In Donald Glover’s acclaimed FX series Atlanta, many racial and societal ills are dealt with through the insanely awkward and usually hilarious situations Earn (Glover), his rapper cousin Alfred (Brian Tyree Henry) and Al’s homie Darius (LaKeith Stanfield) get into. Season 3’s big hook is that the gang will spend most of their time abroad, but the premiere episode kicks things off in the States, with a story inspired by a familiar meme, an image tied to a story that many may not even realize ended so tragically.
Titled “Three Slaps,” the episode is is designed to troll; with nearly four years of build-up to the show’s return, the last thing viewers would expect is a story about a Black kid who’s never seen on the show before. (Atlanta’s official episode descriptions never fail: “Wow it’s been a minute. I mean, I like this episode about the troubled kid but we waited 50 years for this?”) It’s a brilliant diversion that sets you up for what Glover and company have in store during these Europe-set episodes, not narratively, but stylistically. Atlanta has always been a comedy unafraid of getting dark, wearing its weirdness on its sleeve, while hitting you with a gut punch full of truth. “Three Slaps” does all of that and more.
The episode (written by Stephen Glover, directed by the mighty Hiro Murai) finds the aforementioned troubled kid, Loquareeous (Christopher Farrar), waking up from a dream to find out that his class is going on a field trip to see Black Panther 2. He starts dancing on top of his desk and gets called to the principal’s office, prompting his mother and grandfather to be called to the school. After a white teacher watches Loquareeous get disciplined (the titular three slaps) in the hallway, social services are sent to his home, and he’s subsequently placed in a new home led by two white women, Amber (Laura Dreyfuss) and Gayle (Jamie Neumann), who already are foster mothers to three Black children, a foul odor, and a lack of good food. (One of this episode’s most absurd moments is watching Amber and Gayle attempting to make fried chicken with flour and their microwave oven.) Oh, and they changed his name to Larry.
It wasn’t until the middle of the episode where the source of its inspiration clicked for me, once Amber and Gayle force “Larry” to don a fedora and take him to a farmer’s market with a Free Hugs sign. At that point, the genius—and horror—of the episode snaps into focus. That’s when I realized that the story of Loquareeous was really the story of Devonte Hart, the young Black boy who went viral in 2014 when a photo of him hugging a cop, tears streaming down his face, went viral; CNN dubbed it “the hug shared around the world.” (Sarah and Jennifer Hart were said to have been big on social justice, showing up at rallies and events in a similar fashion.) At the time, some were skeptical of the image; it was taken during a protest in Ferguson over the decision in the Michael Brown case. Portland police Sgt. Bret Barnum saw Devonte (who was 12 at the time) crying, and reached out to him, “not as a police officer but just a human being.” In Atlanta, the situation went a little differently: Loquareeous, tired of Gayle’s bullshit, spots an officer and hits the Usain Bolt dash over to him, hugging him tight while saying “I learned my lesson, I hate my new parents! A little research into Devonte Hart’s life suggests that may be why he embraced the officer the way he did.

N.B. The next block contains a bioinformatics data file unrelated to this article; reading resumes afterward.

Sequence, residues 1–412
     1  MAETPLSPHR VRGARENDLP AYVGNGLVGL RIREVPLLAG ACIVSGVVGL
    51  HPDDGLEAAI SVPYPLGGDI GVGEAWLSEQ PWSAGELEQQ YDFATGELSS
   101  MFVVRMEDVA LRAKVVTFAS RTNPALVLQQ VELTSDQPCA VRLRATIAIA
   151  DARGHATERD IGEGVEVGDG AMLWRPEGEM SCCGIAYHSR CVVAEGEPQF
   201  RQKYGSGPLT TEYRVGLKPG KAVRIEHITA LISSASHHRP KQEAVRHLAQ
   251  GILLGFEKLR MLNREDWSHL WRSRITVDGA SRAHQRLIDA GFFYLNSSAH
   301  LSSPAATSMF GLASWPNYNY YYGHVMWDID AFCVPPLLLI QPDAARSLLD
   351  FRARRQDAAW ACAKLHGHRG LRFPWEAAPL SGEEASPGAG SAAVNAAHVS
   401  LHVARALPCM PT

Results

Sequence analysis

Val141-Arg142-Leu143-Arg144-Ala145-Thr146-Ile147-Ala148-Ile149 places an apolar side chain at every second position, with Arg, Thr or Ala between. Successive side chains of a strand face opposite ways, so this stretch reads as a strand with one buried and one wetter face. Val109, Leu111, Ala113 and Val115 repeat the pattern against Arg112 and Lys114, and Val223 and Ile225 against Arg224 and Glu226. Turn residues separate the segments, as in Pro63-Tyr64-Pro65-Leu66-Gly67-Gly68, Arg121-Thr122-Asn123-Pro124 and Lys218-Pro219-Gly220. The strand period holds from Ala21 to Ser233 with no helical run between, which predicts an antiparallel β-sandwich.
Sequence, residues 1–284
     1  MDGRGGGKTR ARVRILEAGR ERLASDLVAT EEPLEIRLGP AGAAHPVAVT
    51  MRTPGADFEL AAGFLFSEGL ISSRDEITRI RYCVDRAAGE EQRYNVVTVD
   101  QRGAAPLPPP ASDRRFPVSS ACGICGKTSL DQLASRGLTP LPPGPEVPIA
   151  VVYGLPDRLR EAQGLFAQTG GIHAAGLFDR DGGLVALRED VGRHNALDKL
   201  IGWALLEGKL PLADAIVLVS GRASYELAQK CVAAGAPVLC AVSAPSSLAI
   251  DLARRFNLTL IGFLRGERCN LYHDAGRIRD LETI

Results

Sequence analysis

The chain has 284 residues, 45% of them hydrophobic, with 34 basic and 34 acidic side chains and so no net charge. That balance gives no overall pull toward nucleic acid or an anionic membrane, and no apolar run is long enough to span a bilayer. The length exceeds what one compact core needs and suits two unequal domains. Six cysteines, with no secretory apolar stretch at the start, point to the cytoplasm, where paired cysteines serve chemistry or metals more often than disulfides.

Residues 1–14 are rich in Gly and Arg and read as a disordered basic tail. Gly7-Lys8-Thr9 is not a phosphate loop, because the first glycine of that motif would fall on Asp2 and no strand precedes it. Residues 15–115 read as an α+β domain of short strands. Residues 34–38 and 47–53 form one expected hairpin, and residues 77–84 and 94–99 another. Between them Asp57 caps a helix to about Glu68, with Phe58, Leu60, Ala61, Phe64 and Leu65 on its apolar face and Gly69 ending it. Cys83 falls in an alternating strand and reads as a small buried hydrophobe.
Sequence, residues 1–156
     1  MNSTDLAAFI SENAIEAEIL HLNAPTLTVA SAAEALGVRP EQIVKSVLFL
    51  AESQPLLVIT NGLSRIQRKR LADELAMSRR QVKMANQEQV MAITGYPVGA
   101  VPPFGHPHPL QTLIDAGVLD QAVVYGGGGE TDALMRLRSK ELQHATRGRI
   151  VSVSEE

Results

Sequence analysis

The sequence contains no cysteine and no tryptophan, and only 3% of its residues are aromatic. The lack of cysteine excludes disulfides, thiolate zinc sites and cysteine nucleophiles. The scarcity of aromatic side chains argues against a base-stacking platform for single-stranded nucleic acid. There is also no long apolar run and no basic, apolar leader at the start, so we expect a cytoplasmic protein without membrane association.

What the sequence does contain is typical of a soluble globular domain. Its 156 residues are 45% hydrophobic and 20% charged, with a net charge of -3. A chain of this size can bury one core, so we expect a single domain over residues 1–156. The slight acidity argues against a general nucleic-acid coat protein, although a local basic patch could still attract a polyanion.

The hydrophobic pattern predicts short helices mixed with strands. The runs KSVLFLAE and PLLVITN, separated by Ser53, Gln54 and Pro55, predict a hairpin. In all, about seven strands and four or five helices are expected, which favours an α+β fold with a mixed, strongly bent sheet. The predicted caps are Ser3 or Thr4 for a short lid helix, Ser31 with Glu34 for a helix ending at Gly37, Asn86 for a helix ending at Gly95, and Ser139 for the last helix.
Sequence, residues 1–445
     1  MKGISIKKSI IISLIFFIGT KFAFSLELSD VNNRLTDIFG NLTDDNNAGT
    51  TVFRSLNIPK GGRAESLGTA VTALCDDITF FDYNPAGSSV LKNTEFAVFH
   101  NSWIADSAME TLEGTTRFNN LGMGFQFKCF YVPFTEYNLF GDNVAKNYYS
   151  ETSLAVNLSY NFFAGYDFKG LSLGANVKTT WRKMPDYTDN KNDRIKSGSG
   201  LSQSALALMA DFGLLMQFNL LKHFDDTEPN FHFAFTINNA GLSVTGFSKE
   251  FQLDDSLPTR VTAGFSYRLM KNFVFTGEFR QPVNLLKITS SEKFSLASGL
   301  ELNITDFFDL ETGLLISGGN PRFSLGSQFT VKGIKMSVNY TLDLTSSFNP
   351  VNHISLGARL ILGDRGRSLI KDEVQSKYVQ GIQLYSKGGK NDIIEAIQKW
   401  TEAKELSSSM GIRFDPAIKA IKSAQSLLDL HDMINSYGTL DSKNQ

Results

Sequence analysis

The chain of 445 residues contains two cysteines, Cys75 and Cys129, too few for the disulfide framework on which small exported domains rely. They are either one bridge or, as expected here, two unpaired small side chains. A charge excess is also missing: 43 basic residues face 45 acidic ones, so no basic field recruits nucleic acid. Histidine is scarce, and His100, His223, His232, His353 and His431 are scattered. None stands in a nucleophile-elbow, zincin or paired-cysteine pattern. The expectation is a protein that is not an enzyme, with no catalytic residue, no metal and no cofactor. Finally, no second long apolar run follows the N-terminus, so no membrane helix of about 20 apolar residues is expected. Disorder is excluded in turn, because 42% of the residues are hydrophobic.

Devonte’s story is similar to Loquareeous’: after his mother was deemed unfit to care for Devonte, he and three of his siblings went to stay with a paternal aunt, only to be put into the foster system five months later, being placed in the home of Jennifer and Sarah Hart in 2009. These women had numerous abuse allegations and investigations against them, but were able to dodge those questions from teachers and the system alike, across three states. While Atlanta doesn’t show children being abused, the stories of the Hart children not eating properly (and Sarah and Jennifer explaining it away as the children “going through food issues”) were front and center. They also made sure to include the horrific ending to the Hart family’s story: On March 26, 2018, Sarah and Jennifer Hart were found dead in their SUV at the bottom of a 100-foot cliff. While Devonte’s body has never been recovered, the bodies for five of the children were found at or near the scene, and a death certificate for Devonte (who was 15 at the time) was issued in April of 2019. But on television, like in dreams, anything is possible, and in Glover’s script, we got to see Loquareeous take matters into his own hands, watching the van fly off the bridge into the body of water he dreamt about in school before making his way back home. That’s of course, when Earn wakes up from his dream, returning Atlanta to its core characters.
Similar to the magnificent “Teddy Perkins,” Atlanta takes real life trauma, turns it on its head, then presents it to you with a simple question: “Does this make sense?” The end result of “Three Slaps” offers a brighter ending than what the events that inspired it. As Donald Glover said when describing the episode, “We just wanted to make a Black fairytale.”